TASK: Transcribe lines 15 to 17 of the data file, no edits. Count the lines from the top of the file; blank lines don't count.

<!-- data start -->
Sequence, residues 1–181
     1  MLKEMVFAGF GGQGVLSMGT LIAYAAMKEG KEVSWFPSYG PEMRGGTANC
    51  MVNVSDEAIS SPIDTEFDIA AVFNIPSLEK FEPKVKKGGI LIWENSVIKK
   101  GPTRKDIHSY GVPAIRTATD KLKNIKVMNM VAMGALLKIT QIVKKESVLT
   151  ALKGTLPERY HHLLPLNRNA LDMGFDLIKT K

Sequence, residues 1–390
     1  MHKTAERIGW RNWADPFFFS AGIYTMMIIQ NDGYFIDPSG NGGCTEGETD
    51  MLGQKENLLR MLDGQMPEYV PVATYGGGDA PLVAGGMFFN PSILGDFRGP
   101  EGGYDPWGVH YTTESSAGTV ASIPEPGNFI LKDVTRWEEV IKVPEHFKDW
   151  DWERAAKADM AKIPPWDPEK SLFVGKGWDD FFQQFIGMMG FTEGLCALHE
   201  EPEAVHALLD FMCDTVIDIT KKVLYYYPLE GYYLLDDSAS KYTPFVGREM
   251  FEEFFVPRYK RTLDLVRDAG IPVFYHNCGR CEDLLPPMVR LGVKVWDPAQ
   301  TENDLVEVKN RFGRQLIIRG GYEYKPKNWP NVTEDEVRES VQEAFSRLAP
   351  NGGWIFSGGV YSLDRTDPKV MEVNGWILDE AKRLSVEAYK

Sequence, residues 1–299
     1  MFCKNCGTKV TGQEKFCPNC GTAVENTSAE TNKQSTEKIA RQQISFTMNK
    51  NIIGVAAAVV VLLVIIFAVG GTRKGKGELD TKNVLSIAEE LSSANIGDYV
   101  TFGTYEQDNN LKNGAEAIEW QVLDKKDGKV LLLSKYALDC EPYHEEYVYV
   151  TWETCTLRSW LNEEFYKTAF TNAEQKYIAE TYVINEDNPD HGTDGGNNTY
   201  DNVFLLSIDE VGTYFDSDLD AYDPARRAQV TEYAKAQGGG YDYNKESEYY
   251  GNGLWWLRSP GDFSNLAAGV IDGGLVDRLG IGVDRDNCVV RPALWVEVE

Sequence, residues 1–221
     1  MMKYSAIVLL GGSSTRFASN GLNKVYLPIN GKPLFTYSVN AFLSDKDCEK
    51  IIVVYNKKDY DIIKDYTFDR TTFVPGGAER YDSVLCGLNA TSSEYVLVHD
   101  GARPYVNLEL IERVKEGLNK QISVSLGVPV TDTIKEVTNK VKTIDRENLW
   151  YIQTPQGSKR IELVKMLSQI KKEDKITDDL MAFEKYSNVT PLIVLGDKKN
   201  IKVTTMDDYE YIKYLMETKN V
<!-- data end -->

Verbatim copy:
Sequence, residues 1–299
     1  MFCKNCGTKV TGQEKFCPNC GTAVENTSAE TNKQSTEKIA RQQISFTMNK
    51  NIIGVAAAVV VLLVIIFAVG GTRKGKGELD TKNVLSIAEE LSSANIGDYV